One key to a fabulous garden is being aware of what’s going on in your garden. My garden mentor often quotes the old adage “The best fertilizer is the gardener’s shadow.” That phrase went through my head often this week as I was doing rounds early in the morning; I still have a lot of plants in tiny pots and cell packs from the nursery, waiting to get in the ground, so daily moisture checks are part of my essential routine right now.
Heading out the front door, one of the first things I noticed was the infestation of red lily beetles trying to devour my lilies. These pretty but detestable insects moved into our area a few years ago and wiped out almost all of my lilies.
This photo is a rare shot of a single beetle—usually you find them in pairs, mating (yes, they’re prolific!) Squishing them as I find them, which means daily, seems to be the only real control. And you have to be quick in your squishing—if the dastardly things see you coming they drop to the soil and turn on their backs—exposing just their black undersides and becoming invisible. I’ve heard that spraying the plant with Neem oil works, but either I have weirdly resilient red lily beetles or I’m doing something wrong, because that hasn’t seemed to slow them down.
The lily in the above photo is an amazing Oriental x Trumpet Lily (i.e. hybrid) by the name of Conca D’Or. Prior to the infestation it would routinely grow to 6’ and tower over visitors with wonderfully fragrant yellow blooms. It has resisted the lily beetle better than all of its deceased cousins, but year by year it’s losing vigour. I vowed to step up my patrols this year in order to save this great plant. Score 9 for me this morning and 3 for the lily beetles—some of them dropped out of sight before I could get to them.
Entering the back garden I noticed aphids had descended on one of my larger roses (the English rose, Constance Spry).
Aphids won’t generally kill a rose bush but they will ruin the flower buds, and don’t we all grow roses for the flowers? I could have sprayed the plant with insecticidal soap but I’m sure that does harm to the good bugs as well as the bad. Using a hose and a strong blast of water has been recommended as a way to combat aphids, but I’ve never found that to work (possibly because I have a wand sprayer and not a high pressure nozzle—but I think a high pressure nozzle would probably knock the buds off, along with the bugs). I opted to squish the bulk of the aphids (donning gloves and running my hands over the buds, squeezing lightly) and hope that the beneficial insects (i.e. those that prey on aphids) would deal with the rest.
My decision on this was reinforced when I reached the very back of the back garden, and encountered this dragonfly on another rose bush:
Posed against the stunningly brilliant green leaves (which are another problem I’ll get to in a minute), it made for a great photo opportunity.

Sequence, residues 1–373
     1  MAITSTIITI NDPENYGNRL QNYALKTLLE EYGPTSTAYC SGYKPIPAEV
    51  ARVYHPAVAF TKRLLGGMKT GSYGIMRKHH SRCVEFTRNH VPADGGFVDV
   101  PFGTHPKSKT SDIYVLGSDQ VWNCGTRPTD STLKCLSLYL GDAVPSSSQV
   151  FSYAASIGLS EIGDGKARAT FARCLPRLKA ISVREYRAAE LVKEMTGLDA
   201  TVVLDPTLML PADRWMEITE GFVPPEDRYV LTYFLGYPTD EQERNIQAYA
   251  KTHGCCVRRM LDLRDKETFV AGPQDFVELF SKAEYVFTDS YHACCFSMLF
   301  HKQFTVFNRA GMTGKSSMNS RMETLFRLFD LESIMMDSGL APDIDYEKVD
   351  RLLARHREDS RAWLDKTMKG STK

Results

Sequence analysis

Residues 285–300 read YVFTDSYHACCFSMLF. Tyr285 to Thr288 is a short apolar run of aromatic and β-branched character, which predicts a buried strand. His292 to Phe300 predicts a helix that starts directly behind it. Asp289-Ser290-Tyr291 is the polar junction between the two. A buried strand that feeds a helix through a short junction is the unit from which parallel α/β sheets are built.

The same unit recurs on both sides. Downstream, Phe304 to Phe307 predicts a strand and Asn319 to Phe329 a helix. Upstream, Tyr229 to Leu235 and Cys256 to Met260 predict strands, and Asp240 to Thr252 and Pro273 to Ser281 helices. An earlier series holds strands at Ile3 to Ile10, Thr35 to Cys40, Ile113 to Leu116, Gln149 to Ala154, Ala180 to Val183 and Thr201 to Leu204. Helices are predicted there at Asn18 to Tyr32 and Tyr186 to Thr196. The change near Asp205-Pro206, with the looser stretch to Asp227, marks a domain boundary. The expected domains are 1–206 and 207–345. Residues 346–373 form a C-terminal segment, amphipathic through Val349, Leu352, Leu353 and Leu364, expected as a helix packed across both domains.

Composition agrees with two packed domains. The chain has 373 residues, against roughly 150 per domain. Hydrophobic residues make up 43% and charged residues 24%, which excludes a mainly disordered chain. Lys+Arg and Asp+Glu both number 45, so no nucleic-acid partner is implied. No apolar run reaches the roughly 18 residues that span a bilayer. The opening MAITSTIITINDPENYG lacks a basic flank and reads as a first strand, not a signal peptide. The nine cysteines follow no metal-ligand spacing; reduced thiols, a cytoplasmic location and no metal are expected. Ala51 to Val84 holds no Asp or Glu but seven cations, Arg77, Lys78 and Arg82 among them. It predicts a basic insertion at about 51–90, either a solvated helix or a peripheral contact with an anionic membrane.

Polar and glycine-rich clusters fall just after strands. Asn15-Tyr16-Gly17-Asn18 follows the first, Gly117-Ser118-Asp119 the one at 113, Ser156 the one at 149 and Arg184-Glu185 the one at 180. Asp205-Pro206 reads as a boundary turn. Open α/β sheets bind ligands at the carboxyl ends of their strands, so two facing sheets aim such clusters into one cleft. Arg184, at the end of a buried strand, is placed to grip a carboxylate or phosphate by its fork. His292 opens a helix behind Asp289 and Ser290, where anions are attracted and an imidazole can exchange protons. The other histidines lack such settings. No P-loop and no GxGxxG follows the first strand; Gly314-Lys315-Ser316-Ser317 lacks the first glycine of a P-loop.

When I pulled the image up on my computer later, I realized that the dragonfly wasn’t just sitting there sunning himself—he was finishing off a snack of some small winged insect, (note the bits of wing and legs on the leaf) that had probably itself been snacking on the roses. Way to go little guy!
Now, the brilliant lime green leaves were what had drawn me to the back of the garden to start with. Healthy rose leaves are generally medium to dark green. The really dark veins and pale leaf tissue you see in these images show a plant that’s suffering from interveinal chlorosis–a fancy term for nutrient deficiency.
With roses, I often find that a dose of magnesium sulphate (Epsom salt) solves this problem—in fact I usually spread some around the base of each rose in the spring. That’s the treatment I gave this rose right away. I’ll monitor and if that doesn’t start to make a change in a few days I’ll apply a fertilizer that’s high in nitrogen. I may have missed this rose when spreading my usual application of compost in the spring, so that may be why it’s having some nutrient problems now.
After I checked that my seedlings had enough water to last the day, I headed back to the house, only to spot an interesting curiosity on the stucco, at eye level, outside our front door:
At first I thought it was a bit of mud on the stucco, but then noticed it moving. I peered in for a closer look and saw that it was actually an insect covered in sand:
Looking it up on Google later, I learned that it’s a young masked hunter (Reduvius personatus) bug. They’re predator bugs that feed on earwigs, silverfish and other insects. Yay, another good insect (if you’ve ever had your dahlias devoured by earwigs you’ll cheer too!)
As you can see by all of the above, a little daily walk through the garden—really paying attention to what you’re seeing—can help nip a lot of problems in the bud (or spot problems on your buds!) Is this part of your gardening routine?